By LARRY SWEDROE
As the chief research officer of Buckingham Wealth Partners, I’ve been getting lots of questions about investing in disruptive technologies, and specifically in the funds of ARK Investment Management, run by founder Catherine Duddy Wood — who was named the best stock picker of 2020 by Bloomberg News Editor-in-Chief Emeritus Matthew A. Winkler. On January 14, 2021, Sam Potter and Claire Ballentine of Bloomberg wrote, “Cathie Wood’s magic touch is so powerful these days she can trigger gains for funds she doesn’t even run.” Wood is also known for having a large following on Reddit.
Receiving those questions about the ARK funds, and about investing in disruptive technologies in general, brought to mind one of my favorite expressions: “What you don’t know about investing is the investment history you don’t know.” With that in mind, I dug into my files. In my 2011 book Investment Mistakes Even Smart People Make and How to Avoid Them, mistake 50 of 77 was titled “Do You Rely on Market Gurus?” In the chapter, I discussed the tale of Clayton Christensen, the “Cathie Woods” of his day. The following is excerpted from the book, with some updating.
In 1997, the first edition of Clayton Christensen’s book The Innovator’s Dilemma: The Revolutionary Book That Will Change the Way You Do Business was published. The Economist called it one of the six most important business books ever written. Amazon’s review stated that the book shows how such products as the Honda Supercub, Intel’s 8088 processor and hydraulic excavators were disruptive technologies that helped to redefine the competitive landscape of their respective markets. At the time, the review stated: “These products did not come about as the result of successful companies carrying out sound business practices in established markets. … These and other products cut into the low end of the marketplace and eventually evolved to displace high-end competitors and their reigning technologies.” Amazon’s review went on to highly recommend this “important” book.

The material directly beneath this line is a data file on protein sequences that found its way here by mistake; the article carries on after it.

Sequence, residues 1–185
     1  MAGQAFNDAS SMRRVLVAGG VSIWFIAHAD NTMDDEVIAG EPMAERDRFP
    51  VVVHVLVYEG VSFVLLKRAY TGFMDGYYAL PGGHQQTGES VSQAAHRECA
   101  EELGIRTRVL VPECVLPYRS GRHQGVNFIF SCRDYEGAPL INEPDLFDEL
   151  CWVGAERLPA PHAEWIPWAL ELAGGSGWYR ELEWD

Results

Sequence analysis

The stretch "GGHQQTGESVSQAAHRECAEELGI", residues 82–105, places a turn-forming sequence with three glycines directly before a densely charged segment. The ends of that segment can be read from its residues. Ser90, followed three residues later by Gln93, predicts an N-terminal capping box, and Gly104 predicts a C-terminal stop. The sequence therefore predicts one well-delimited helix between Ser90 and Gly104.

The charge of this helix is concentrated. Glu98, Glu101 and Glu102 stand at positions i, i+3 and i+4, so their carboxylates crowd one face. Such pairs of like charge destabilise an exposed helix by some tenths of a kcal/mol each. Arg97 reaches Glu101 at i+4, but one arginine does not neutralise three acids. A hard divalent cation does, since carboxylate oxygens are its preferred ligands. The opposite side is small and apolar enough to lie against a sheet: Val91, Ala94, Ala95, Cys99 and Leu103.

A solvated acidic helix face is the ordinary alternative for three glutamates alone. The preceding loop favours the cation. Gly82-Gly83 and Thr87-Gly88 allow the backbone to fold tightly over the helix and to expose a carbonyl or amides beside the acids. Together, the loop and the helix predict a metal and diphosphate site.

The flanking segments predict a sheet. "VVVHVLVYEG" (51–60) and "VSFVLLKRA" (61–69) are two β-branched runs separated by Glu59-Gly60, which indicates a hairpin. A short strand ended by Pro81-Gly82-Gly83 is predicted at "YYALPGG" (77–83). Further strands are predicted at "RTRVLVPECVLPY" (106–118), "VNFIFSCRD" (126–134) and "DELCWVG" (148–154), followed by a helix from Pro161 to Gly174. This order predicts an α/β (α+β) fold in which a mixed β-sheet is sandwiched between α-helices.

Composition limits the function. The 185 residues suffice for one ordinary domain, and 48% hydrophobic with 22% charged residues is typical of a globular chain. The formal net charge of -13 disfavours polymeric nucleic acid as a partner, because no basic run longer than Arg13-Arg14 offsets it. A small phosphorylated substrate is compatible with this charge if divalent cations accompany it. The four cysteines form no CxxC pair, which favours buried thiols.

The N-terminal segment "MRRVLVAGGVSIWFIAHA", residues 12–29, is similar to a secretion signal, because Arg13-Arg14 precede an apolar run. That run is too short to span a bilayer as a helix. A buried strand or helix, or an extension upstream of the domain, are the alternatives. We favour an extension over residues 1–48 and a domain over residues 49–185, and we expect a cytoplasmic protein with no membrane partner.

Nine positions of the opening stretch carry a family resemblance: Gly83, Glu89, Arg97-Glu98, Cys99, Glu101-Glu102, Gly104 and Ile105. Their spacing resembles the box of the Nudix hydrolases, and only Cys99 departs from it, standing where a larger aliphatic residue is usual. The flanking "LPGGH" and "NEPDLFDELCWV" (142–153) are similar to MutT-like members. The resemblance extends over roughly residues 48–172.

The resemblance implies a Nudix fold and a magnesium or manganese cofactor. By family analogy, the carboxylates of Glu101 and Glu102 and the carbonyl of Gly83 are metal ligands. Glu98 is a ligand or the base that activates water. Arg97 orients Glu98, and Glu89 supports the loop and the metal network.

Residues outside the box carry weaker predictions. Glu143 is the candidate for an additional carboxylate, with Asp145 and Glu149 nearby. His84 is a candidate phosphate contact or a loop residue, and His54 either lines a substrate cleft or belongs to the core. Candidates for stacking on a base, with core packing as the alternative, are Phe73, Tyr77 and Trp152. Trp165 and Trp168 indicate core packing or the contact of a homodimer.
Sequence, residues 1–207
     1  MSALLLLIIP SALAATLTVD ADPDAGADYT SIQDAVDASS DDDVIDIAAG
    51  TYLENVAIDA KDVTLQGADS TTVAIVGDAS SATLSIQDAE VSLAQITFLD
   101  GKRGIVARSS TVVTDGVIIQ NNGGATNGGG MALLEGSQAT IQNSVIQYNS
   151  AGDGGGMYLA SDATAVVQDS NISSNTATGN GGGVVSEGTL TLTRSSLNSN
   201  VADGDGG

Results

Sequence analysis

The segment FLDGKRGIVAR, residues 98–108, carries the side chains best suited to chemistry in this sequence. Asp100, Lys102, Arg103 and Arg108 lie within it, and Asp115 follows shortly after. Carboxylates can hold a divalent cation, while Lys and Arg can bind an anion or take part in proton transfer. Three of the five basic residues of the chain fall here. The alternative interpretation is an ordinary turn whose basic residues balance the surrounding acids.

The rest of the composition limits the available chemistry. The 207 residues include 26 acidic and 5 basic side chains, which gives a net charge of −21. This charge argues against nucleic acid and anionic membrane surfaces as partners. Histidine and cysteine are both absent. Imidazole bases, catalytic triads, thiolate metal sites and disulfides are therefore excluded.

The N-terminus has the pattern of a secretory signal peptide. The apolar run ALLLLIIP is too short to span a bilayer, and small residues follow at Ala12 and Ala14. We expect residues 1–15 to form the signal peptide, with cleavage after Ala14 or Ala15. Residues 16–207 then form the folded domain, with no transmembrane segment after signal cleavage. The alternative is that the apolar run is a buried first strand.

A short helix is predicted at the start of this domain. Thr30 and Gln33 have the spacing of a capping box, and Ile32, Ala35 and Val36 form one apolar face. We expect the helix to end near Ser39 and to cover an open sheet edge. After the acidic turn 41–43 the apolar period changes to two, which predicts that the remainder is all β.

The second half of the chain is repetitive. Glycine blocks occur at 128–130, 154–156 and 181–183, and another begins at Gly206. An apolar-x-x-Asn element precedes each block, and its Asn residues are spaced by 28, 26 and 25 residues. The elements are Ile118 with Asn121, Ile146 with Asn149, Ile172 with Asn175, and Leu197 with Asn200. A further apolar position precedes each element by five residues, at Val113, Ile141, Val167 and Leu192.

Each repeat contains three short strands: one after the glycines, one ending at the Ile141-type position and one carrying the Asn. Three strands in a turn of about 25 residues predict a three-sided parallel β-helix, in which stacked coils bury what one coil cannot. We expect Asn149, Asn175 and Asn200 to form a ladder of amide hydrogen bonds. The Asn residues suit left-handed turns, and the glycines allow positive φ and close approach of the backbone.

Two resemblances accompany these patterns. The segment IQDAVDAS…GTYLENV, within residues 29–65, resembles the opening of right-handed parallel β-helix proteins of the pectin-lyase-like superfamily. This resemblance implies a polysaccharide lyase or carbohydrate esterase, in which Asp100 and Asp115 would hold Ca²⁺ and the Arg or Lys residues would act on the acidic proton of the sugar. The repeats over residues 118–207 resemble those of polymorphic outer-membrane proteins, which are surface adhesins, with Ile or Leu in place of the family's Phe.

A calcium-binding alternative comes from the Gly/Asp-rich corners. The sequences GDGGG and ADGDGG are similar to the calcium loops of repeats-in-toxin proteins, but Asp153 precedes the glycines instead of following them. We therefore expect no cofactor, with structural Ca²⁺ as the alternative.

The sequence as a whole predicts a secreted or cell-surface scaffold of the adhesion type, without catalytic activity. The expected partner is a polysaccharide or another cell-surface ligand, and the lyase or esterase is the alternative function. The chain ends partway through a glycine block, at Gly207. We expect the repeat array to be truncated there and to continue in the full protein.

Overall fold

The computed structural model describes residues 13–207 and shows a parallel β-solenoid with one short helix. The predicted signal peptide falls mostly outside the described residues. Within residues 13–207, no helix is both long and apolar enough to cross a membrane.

According to BusinessWeek (June 25, 2001), Clayton Christensen (who passed away in 2020) was not only a Harvard Business School professor, but he was also a “Management Guru,” a “rising star of the New Economy” and “the most innovative business thinker in the world today.” In fact, he was twice named the world’s most influential living management thinker. In March 2000, Mr. Christensen, along with St. Louis brokerage owner Neil Eisner, opened the Disruptive Growth Fund. Given his reputation, the financial world and investors had great expectations for the fund.
Christensen chose stocks based on his theory that companies that develop innovative products — “disruptive technologies” — can topple market leaders. Even before reaching its first anniversary, the fund was liquidated — but not before it had lost 64 percent of its value. The only thing disruptive about the fund was the disruption of the financial health of its investors. And these results were achieved by a man twice named the most influential living management thinker.
If you are considering investing in the ARK funds run by Cathie Wood or in funds similarly characterised as “disruptive technologies”, keep in mind the tale of Clayton Christensen.
Important Disclosure: The information contained in this article is for educational purposes only and should not be construed as specific investment, accounting, legal or tax advice. The analysis contained in this article is based upon third party information available at the time which may become outdated or otherwise superseded at any time without notice. Certain third-party information is based upon is deemed to be reliable, but its accuracy and completeness cannot be guaranteed. By clicking on any of the links above, you acknowledge that they are solely for your convenience, and do not necessarily imply any affiliations, sponsorships, endorsements or representations whatsoever by us regarding third-party websites. We are not responsible for the content, availability or privacy policies of these sites, and shall not be responsible or liable for any information, opinions, advice, products or services available on or through them. The opinions expressed by featured authors are their own and may not accurately reflect those of the Buckingham Strategic Wealth®, Buckingham Strategic Partners® (collectively Buckingham Wealth Partners). LSR-21-47
LARRY SWEDROE is Chief Research Officer at Buckingham Strategic Wealth and the author of numerous books on investing.
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